WASHINGTON - A provision buried deep inside the $787 billion economic stimulus bill would impose restrictions on executive bonuses at financial institutions that are much tougher than those proposed 10 days ago by the Treasury Department.
The provision, inserted by Senate Democrats over the objections of the Obama administration, is aimed at companies that have received financial bailout funds. It would prohibit cash bonuses and almost all other incentive compensation for the five most senior officers and the 20 highest-paid executives at large companies that receive money under the Treasury's Troubled Asset Relief Program, or TARP.
The stimulus package was approved by the House on Friday, then by the Senate in the late evening.
The pay restrictions resemble those that the Treasury Department announced this month, but are likely to ensnare more executives at many more companies and also to cut more deeply into the bonuses that often account for the bulk of annual pay.
The restriction with the most bite would bar top executives from receiving bonuses exceeding one-third of their annual pay. Any bonus would have to be in the form of long-term incentives, like restricted stock, which could not be cashed out until the TARP money was repaid in full.
The provision, written by Senator Christopher J. Dodd, Democrat of Connecticut, highlighted the growing wrath among lawmakers and voters over the lavish compensation that top Wall Street firms and big banks awarded to senior executives at the same time that many of the companies, teetering on the brink of insolvency, received taxpayer-paid bailouts.
"The decisions of certain Wall Street executives to enrich themselves at the expense of taxpayers have seriously undermined public confidence," Mr. Dodd said Friday. "These tough new rules will help ensure that taxpayer dollars no longer effectively subsidize lavish Wall Street bonuses."
Top economic advisers to President Obama adamantly opposed the pay restrictions, according to Congressional officials, warning lawmakers behind closed doors that they went too far and would cause a brain drain in the financial industry during an acute crisis. Another worry is the tougher restrictions may encourage executives to more quickly pay back the government's investments since, in a compromise with the financial industry, banks no longer have to replace federal funds with private capital. That could remove an extra capital cushion, further reducing lending.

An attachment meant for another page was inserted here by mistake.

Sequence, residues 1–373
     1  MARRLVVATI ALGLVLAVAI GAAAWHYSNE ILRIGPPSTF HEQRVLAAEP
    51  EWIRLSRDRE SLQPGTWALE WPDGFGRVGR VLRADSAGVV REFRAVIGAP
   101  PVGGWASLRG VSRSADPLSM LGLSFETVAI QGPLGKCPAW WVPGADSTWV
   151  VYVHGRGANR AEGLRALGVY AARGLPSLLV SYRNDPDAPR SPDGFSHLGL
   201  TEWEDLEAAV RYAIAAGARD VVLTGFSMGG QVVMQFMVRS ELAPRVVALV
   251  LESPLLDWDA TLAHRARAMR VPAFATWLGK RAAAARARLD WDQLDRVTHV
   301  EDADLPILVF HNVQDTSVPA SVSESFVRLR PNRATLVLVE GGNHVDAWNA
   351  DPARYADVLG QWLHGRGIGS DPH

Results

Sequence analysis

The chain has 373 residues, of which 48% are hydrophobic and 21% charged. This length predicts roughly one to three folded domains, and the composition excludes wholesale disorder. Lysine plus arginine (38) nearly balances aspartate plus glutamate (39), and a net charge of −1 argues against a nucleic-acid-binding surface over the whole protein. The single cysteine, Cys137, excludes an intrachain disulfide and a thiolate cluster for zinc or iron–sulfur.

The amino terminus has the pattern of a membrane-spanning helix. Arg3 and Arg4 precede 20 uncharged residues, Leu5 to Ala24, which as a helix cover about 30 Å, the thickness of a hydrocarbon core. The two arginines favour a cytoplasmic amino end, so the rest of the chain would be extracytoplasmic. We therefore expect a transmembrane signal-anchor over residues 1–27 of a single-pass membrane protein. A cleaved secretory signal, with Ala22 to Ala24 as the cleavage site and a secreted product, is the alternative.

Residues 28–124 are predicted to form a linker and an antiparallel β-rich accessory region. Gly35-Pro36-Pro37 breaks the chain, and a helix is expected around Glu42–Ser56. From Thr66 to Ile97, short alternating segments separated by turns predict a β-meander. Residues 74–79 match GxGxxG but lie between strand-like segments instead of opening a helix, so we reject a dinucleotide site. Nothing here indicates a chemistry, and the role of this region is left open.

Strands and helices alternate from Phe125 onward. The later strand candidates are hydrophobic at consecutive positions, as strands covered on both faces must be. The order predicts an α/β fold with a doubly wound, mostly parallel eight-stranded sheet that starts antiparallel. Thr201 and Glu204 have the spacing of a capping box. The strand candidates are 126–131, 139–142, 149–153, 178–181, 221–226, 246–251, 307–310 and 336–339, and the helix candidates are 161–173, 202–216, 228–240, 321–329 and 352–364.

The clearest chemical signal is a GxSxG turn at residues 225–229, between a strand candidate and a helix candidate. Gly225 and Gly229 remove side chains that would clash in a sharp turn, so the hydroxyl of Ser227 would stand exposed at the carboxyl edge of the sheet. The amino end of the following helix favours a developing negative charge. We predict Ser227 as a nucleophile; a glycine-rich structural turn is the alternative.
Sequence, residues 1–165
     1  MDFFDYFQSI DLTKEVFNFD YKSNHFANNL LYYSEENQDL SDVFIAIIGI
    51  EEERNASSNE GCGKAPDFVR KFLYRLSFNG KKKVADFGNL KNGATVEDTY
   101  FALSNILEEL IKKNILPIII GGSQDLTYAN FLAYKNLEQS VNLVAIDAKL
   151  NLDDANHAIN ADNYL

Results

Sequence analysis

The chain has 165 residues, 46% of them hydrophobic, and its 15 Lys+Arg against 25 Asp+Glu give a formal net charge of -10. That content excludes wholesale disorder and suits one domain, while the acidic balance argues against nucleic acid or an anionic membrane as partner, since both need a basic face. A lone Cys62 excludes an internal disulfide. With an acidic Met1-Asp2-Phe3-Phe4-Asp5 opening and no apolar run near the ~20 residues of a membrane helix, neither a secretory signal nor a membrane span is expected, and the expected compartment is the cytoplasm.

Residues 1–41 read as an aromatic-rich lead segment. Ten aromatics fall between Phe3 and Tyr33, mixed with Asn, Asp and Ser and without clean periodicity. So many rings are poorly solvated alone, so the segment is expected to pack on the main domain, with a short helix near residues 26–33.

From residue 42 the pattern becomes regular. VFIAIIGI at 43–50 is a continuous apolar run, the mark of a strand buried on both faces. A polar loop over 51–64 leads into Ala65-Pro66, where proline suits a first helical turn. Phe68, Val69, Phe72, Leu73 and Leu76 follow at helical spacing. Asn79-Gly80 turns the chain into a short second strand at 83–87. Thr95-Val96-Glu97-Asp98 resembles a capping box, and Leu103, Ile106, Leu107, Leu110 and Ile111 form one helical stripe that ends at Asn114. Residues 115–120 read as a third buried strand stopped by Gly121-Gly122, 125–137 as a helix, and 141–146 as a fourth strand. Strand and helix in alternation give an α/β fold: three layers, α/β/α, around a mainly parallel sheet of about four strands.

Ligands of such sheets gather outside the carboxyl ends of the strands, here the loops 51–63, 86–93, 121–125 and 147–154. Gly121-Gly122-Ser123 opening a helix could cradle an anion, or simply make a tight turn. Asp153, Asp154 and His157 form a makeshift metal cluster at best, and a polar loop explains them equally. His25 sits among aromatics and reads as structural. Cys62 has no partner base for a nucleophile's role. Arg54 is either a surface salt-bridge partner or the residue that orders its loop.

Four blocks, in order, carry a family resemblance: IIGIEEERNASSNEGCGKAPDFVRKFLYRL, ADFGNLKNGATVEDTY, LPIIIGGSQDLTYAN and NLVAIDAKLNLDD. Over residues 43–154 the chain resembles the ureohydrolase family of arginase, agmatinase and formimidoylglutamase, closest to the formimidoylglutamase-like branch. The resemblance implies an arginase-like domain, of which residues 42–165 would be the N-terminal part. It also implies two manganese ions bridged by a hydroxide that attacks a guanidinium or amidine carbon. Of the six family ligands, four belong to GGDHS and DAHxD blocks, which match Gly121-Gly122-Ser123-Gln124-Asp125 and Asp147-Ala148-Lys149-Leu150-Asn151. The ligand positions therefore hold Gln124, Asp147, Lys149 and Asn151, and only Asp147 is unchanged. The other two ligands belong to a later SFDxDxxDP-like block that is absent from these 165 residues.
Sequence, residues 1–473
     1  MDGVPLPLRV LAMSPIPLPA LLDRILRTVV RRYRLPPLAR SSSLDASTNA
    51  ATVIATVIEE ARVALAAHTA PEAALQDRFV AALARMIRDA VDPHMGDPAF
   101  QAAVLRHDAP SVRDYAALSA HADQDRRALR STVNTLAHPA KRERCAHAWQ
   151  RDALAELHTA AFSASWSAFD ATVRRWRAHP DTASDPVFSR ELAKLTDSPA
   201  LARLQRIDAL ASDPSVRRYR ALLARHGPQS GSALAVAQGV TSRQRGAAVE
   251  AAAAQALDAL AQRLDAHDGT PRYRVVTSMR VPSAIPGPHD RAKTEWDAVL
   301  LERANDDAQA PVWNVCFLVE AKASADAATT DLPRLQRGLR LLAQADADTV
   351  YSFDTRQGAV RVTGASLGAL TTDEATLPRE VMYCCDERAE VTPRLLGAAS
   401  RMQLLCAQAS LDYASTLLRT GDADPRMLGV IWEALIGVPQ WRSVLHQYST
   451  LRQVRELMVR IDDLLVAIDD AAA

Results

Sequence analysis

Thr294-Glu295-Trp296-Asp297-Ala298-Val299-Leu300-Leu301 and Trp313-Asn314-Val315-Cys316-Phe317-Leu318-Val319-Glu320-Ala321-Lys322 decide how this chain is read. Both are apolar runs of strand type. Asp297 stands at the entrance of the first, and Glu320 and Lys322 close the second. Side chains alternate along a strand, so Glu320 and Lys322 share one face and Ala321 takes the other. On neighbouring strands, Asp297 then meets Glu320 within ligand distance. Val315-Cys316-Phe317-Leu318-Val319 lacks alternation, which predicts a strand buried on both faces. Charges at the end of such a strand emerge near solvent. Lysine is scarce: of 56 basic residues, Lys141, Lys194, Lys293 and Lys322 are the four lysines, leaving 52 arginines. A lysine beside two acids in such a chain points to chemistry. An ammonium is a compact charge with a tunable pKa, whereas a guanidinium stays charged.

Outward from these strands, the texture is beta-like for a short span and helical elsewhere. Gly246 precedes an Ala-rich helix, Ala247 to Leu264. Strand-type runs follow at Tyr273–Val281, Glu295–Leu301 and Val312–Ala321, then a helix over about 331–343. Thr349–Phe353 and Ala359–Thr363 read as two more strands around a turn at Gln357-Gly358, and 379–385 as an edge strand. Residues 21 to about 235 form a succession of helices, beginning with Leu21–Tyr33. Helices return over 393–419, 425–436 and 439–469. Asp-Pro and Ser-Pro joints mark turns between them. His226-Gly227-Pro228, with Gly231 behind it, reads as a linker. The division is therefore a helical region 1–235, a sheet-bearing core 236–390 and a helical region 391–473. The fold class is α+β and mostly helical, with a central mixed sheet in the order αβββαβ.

The legislatively imposed pay curbs are, in essence, a bad report card for the Treasury secretary, Timothy F. Geithner, for failing to be tough enough on companies getting bailout money. His long-awaited bank rescue plan also received harsh reviews when it was released this week.
But some experts on executive compensation warned that the restrictions could unleash unintended consequences, like encouraging banks to increase salaries to make up for diminished incentive pay. Even then, they warned, banks were likely to lose top talent.
"These rules will not work," James F. Reda, an independent compensation consultant, said on Friday. "Any smart executive will (a) pay back TARP money ASAP or (b) get another job."
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The biggest difference between Mr. Dodd's provision and the Treasury rules is that the new stimulus provision would apply to any company that either has received money or will receive money in the future under the Treasury's financial rescue program. By contrast, the plan announced by Mr. Geithner would apply only to companies that receive federal money in the future.
The revised rules do not impose a formal cap on executive compensation, unlike the Treasury proposal. Under that plan, banks were barred from paying more than $500,000 in salary until they repaid the TARP funds to the government. (Banks were permitted to offer bonuses in restricted stock.) Senator Dodd's rules, however, go a step further, prohibiting banks from awarding restricted stock to 25 top executives equal to more than one-third of their annual cash compensation until the banks have repaid all the money owed.
In addition, the Congressional rules would affect not just a bank's top management, but also star traders, investment bankers, fund managers and commission-based sales representatives. They have traditionally received multimillion-dollar payouts based on their year-end results.
Jennifer R. Psaki, a spokeswoman for the White House, said President Obama "shares a deep concern about excessive executive compensation at financial firms that are receiving extraordinary assistance from American taxpayers."
But she hinted at the White House's displeasure, saying that Mr. Obama "looks forward to working with Congress to responsibly address this issue."
One unintended effect, compensation experts said, is that financial firms might increase banker salaries in order to increase the restricted stock awards. "About the only way to address these limits is to pay large salaries," said Michael S. Melbinger, an executive compensation lawyer at Winston & Strawn in Chicago. "There's no pay for performance in this."
Others warned that because of the rules, firms might lose their best traders and managers to hedge funds and foreign banks.
Alan Johnson, a compensation consultant who advises many Wall Street banks, said that the rules would make it hard to recruit new managers, too.
"At some point, you begin to wonder: has the government given up on these companies anyway?" he said. "Why would the government or White House want to go along with that unless they have come to the conclusion they will have to nationalize these firms anyway?"
Edmund L. Andrews reported from Washington, and Eric Dash from New York.